SANTA FE SPRINGS — The California Occupational Safety and Health Administration has ordered Neville Chemical Co., a firm on the state's list of worst toxic waste sites, to protect workers and clean up highly toxic chemicals that pose a health hazard to employees.
"The entire facility should be deemed contaminated," the order said. The contaminants, including dioxins, have been linked to liver damage, neurological changes and reproductive abnormalities, the order said.
Neville, which ranks 40th on a list of 209 California toxic waste sites, is already under a court order to pave its property and an adjoining vacant lot where the contaminants have been found. The order was part of an ongoing suit against the firm by the state Department of Health Services.
Cal-OSHA issued its order to protect workers who may be assigned to work on the cleanup, agency officials said.
"Our concern is to have employees involved in the cleanup protected from any possible exposure," said Dianne Dienstein , a Cal-OSHA spokeswoman.
Jack Ferguson, Neville plant manager, said the company is protecting its employees and is appealing the Cal-OSHA order. The plant employs 18 workers.
The order gives Neville until June 14 to either pave or remove soil on the premises and clean up floors and equipment contaminated with dioxins and furans, which are chemical compounds similar to dioxin. (Dioxin is highly toxic, carcinogenic and can cause birth defects.) The chemicals were produced as an unwanted byproduct in the manufacture of chlorinated wax used to coat cables and wires.
The order also requires the firm to train employees for decontamination work, provide protective clothing and respirators, store and label contaminated waste material and clothing in airtight containers, restrict access to cleanup areas and use special vacuum cleaners for control of contaminated dust.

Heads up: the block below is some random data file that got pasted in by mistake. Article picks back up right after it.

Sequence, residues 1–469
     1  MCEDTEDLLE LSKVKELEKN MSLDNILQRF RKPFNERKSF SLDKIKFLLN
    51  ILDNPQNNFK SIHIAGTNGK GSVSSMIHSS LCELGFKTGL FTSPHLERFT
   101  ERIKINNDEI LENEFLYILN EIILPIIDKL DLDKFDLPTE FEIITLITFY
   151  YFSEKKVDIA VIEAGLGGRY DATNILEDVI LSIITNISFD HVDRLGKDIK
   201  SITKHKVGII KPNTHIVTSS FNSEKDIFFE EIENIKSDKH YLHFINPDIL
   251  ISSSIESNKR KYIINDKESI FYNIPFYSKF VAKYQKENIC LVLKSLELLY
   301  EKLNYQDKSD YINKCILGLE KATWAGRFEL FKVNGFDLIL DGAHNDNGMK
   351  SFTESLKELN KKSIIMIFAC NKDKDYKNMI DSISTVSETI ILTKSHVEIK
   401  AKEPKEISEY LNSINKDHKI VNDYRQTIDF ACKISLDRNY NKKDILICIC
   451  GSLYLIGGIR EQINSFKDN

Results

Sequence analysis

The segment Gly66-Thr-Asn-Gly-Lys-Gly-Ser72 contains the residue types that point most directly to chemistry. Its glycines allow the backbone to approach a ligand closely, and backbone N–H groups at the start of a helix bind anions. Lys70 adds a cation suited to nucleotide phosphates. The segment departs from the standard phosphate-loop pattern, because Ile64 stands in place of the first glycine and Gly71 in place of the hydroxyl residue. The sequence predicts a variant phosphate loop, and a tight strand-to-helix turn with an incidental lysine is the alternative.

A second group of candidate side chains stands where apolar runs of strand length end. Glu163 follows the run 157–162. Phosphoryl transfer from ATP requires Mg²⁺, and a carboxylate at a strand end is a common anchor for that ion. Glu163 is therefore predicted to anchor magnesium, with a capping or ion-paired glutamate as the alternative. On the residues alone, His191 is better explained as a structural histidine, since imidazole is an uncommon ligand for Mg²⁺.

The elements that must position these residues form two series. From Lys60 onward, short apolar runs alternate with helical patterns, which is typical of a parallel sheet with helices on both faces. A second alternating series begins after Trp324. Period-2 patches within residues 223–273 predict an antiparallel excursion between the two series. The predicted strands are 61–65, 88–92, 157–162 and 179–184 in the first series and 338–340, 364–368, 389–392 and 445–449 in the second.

It was the second order to be issued by Cal-OSHA against the firm on Imperial Highway this year. In March, the agency set strict specifications for yearly medical examinations of workers and required Neville to supply workers with protective clothing.
Although Neville has "tried to give their people a good medical exam," the reporting of medical test results was poor and additional protective equipment was needed, said Joyce Simonowitz, a Cal-OSHA nursing consultant.
A 1984 Cal-OSHA study of Neville personnel files did not find a high incidence of cancer among workers there over a period of several decades, compared to the incidence of cancer countywide, Simonowitz said. However, she said, the study is not conclusive because the pool of Neville workers was too small.
Neville has appealed both Cal-OSHA orders, disputing the types and levels of contaminants listed as well as the safe exposure levels set by the state, said Ferguson.
Workers at the plant are not in danger, he maintained. In 1978, Ferguson said, the company began giving workers yearly medical exams. Plant safety committees and annual inspections by insurance companies help ensure that employees are adequately protected, he said. Workers wear hard hats, gloves and safety glasses and do not need special protective clothing, Ferguson said.
Warning signs about dioxins and furans are not posted, he said, because Neville does not believe any dangerous forms or levels of the chemicals are present.
"The apparent level of contamination in our plant would seem to be isolated to very small areas of very low concentrations," Ferguson said.
The firm has spent $500,000 to test soil samples taken on its property and in the adjacent lot, Ferguson said, and most of the samples showed no measurable levels of dioxins and furans. In response to the recent court order, Neville has begun engineering work to pave the adjacent vacant lot, Ferguson said. But the company refused to comply with a state order to drill a ground-water monitoring well at the site, state Health Department officials said.
The well is necessary to determine if any ground water under the plant is contaminated, state officials said. The state would have to take Neville to court to force the ground-water testing.